A question for each of you guys; George, bookings and backlog, looking going forward here, specifically kind of timing and magnitude. You’ve got solar coming out in the first half of ’08. I don’t know if that was fiscal or calendar, if you can comment on that. You’ve got some service contract renewals that are going to be coming here. HCT being added in, and then you’ve even got foundry at a record level and bouncing off the bottom -- it seems like you guys have a fair amount of cushion, if you will, looking forward. Could you comment a little bit on timings of how we add in some of those solar and service contract renewals and HCT impacts?

And the Mike, do you think these cushions can allow October bookings to actually be a quarterly trough?

George S. Davis

Let me start with the -- again, for the thin film solar lines, and let me start to differentiate now because obviously HCT will have a different backlog picture than that. We believe that we will start booking these things sometime in the first half of ’08, fiscal or calendar, it’s pretty close so I won’t differentiate too much there. I think I would put it safely in the latter half of fiscal, or the latter part of the first half of fiscal ’08, if that’s not too confusing.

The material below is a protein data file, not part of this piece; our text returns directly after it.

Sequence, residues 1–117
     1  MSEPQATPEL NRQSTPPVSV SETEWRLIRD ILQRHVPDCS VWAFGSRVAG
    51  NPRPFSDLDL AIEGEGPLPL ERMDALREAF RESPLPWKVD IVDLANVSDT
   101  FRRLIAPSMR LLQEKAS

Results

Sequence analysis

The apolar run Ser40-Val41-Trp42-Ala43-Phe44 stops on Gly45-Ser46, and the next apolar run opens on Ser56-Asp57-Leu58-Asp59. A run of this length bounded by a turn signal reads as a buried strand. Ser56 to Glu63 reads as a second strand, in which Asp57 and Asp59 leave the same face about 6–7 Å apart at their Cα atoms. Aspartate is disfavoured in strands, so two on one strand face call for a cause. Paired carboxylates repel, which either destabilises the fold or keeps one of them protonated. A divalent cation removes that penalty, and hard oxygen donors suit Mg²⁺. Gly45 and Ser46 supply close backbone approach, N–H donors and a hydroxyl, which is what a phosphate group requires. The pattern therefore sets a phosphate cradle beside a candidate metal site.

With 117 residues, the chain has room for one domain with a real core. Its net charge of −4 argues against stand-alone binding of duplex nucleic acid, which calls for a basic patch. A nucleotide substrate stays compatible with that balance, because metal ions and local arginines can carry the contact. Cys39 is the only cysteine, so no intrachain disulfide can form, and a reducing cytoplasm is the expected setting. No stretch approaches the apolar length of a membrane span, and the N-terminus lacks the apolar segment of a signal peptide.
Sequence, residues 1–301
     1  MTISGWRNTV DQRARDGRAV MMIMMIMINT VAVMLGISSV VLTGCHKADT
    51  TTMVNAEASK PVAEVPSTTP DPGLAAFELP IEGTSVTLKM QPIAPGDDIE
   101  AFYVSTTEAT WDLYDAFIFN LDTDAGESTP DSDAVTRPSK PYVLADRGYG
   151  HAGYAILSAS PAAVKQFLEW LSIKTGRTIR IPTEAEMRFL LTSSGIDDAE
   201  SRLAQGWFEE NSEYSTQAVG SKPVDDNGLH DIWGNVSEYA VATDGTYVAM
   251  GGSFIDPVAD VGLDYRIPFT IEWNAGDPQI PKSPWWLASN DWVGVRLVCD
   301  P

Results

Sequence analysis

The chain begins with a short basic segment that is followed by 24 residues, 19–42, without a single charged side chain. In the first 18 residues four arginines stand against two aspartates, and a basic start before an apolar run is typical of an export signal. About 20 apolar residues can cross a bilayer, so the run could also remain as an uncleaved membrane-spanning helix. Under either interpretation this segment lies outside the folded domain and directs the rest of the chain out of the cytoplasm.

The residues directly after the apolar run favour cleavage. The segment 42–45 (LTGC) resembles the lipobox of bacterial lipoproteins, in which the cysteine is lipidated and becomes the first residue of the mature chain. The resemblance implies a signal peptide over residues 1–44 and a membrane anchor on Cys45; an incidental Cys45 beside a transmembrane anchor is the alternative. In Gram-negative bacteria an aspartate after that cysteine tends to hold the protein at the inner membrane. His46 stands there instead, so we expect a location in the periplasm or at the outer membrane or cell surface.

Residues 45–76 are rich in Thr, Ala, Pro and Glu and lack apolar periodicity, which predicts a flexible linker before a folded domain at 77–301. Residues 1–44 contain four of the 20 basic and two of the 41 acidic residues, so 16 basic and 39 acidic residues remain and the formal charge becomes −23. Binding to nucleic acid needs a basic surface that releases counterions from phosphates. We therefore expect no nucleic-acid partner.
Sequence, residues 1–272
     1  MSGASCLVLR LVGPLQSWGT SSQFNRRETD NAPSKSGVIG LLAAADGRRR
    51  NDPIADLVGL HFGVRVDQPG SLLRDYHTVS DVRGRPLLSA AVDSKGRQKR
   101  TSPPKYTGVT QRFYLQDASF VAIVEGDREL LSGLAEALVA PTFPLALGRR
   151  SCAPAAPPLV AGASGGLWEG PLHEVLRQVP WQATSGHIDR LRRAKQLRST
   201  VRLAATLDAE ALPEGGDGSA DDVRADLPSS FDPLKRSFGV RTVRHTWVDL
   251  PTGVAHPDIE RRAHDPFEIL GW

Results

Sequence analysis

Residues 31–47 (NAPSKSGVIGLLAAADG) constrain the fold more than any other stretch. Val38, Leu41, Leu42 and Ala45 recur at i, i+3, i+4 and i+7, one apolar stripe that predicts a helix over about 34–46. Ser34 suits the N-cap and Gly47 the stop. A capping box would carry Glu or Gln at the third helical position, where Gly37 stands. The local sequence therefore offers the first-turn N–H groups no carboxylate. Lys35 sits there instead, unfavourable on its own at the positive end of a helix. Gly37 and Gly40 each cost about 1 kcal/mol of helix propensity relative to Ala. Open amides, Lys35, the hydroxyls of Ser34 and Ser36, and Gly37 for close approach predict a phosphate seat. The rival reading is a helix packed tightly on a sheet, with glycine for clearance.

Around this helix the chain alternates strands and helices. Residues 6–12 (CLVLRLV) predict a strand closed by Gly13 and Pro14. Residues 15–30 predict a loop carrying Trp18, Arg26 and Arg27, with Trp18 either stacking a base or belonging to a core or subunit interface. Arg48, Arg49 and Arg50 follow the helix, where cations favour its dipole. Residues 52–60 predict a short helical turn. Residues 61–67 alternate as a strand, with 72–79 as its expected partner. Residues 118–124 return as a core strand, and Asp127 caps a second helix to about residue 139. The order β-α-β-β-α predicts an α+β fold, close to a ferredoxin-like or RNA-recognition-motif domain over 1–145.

On HCT, we would obviously -- we’ll take their backlog in when the deal closes, which we hope will be within the next 30 days.

Michael R. Splinter

Steven, as far as Q4 being a quarterly trough, I think the real question again will be how sell-through goes, back to school, and holidays. Our checks in Taiwan are pretty positive so far on computer builds and other consumer products for the latter half of the year. I think those things are going a little bit better than normal seasonality, so we are starting out okay. But again, it is going to be whether our customers have confidence to invest going into 2008. At this point, we think they should but I don’t think they are going to decide even until October.